We can remember an incident where this tactic saved a very old, Catholic Church in community inNew Jersey.  Holes were cut, lines were stretched and a Bresnan distributor was placed in the way of the fire's progress.  The fire was stopped in its tracks.

As you attack remember two key points.  It is critical to ventilate these fires.  And you must provide a second line at the rear.   You must let the heat and smoke out. You also need to provide a line at the rear.  This line is usually not used to attack the fire, as it could lead to opposing streams.  But it is available to protect against exterior fire spread.

A cellar fire may well be the toughest job you ever have to face.  There is no other way to be ready for one than to learn your business, drill regularly and recognize the signs that can tell you that you are facing a cellar fire.

Other than flames and smoke coming directly out of the cellar windows, the best clue to a cellar fire is coming upon a building where smoke is coming from every level of the structure.  In all of our years of firefighting, we have never personally seen this clue fail to warn of a cellar fire.

Let us look at our approach, as it applies to cellar fires:

  1. What have I got? A structural fire
  2. Where is it? Below grade
  3. Where is it going? It will go up until it hits a blockage and then laterally. Remember that old   buildings may have balloon frames that really speed up this trip. (Think about the fact that in certain newer buildings, contractors have been know to violate the integrity of walls in a variety of ways: Be on guard!)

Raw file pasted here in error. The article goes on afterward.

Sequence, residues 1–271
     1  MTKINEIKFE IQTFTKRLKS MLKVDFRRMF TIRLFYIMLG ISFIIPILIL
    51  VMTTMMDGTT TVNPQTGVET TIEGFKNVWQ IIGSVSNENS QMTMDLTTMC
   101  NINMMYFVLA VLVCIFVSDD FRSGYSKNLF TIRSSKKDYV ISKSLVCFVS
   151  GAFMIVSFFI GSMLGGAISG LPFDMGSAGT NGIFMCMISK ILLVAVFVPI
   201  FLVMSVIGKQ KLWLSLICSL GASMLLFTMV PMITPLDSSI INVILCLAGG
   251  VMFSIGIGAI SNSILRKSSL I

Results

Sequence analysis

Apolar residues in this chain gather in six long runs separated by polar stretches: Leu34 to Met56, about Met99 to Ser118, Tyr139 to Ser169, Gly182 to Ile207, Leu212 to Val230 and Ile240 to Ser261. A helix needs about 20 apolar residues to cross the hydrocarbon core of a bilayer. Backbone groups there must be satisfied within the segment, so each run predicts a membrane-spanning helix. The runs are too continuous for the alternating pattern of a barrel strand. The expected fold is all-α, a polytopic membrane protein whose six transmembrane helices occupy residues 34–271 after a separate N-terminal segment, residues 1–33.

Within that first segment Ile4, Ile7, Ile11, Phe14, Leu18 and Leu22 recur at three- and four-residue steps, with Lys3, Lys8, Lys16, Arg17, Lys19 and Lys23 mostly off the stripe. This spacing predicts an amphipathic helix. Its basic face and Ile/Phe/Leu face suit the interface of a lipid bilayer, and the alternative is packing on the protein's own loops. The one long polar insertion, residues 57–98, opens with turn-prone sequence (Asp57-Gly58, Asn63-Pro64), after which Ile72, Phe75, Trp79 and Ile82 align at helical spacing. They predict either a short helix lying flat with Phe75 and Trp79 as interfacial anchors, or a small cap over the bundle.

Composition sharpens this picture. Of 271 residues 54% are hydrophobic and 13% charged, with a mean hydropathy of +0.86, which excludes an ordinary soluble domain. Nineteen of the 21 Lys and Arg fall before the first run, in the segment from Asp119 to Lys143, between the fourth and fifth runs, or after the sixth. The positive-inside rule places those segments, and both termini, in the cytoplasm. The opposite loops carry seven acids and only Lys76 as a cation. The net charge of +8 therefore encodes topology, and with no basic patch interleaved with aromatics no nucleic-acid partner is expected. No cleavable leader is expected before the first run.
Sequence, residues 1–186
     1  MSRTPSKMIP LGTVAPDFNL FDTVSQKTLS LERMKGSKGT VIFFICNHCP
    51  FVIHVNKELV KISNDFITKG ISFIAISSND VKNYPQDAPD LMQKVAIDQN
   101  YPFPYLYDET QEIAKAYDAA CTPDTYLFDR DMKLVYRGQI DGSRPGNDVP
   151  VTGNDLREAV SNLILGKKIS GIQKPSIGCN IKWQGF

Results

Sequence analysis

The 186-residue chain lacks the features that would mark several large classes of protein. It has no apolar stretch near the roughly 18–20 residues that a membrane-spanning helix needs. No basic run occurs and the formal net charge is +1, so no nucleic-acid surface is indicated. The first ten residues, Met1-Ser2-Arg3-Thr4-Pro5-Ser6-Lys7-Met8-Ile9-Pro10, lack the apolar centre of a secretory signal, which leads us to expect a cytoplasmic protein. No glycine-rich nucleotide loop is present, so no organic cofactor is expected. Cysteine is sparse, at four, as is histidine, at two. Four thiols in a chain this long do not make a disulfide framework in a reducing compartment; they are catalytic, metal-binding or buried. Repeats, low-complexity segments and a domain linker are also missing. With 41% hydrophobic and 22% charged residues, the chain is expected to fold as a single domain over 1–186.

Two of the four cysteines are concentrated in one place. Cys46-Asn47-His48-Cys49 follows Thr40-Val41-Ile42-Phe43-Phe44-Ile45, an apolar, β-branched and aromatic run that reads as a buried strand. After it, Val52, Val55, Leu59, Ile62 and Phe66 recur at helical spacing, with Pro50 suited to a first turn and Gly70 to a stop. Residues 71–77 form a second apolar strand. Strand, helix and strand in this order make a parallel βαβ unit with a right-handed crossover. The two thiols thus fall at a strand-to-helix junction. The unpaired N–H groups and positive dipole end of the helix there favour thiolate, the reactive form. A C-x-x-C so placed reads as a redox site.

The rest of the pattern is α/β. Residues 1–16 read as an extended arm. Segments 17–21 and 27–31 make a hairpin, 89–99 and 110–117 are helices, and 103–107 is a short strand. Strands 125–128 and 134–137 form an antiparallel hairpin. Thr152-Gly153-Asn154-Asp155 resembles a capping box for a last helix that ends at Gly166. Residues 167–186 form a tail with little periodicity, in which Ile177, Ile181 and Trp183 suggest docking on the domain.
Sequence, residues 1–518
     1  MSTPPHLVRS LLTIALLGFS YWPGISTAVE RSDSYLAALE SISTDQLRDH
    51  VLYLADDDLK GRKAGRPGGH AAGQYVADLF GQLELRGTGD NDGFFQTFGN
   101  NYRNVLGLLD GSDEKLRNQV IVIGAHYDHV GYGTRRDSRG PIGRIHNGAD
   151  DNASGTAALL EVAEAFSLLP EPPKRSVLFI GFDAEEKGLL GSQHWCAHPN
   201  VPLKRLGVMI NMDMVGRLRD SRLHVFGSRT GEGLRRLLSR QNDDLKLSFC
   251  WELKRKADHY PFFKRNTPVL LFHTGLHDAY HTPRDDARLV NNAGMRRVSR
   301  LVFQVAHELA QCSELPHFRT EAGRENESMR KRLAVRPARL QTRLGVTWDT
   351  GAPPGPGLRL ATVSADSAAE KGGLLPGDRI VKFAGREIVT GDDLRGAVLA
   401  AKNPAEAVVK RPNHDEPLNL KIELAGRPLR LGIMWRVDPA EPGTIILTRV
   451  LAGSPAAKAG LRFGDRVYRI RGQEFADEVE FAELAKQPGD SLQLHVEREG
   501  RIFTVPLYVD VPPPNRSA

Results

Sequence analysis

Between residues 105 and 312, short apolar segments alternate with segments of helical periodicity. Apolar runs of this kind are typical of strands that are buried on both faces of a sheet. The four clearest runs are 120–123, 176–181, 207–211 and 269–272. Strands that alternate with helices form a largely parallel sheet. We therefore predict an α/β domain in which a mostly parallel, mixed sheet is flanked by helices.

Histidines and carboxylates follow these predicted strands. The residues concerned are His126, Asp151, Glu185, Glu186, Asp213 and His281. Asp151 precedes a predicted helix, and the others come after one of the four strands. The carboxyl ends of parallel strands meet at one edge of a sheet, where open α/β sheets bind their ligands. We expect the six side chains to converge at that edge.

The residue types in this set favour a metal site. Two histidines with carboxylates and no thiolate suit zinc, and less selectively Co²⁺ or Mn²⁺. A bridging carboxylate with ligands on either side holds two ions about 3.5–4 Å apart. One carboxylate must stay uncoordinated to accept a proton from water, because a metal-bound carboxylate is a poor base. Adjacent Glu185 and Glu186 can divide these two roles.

4. What forces are available to combat this threat?  What is your standard response and is it enough for the fire you find?  Let that be the starting point for your decision-making process.
  5. What can I do? Deploy your forces to best advantage.  Call help. Constantly observe and evaluate the progress of your forces.  If there is the least doubt in your mind as to the safety of your people, pull them out and go to a defensive operation.

Although we tend to think of ourselves in macho terms, never endanger your people just to protect property.  We can replace a building, but not a human life.

In summary, cellar fires are tough and nasty affairs. They are an instance where your skill and experience will be called directly into play in a tough and dirty up-close battle.  Know these facts and be ready.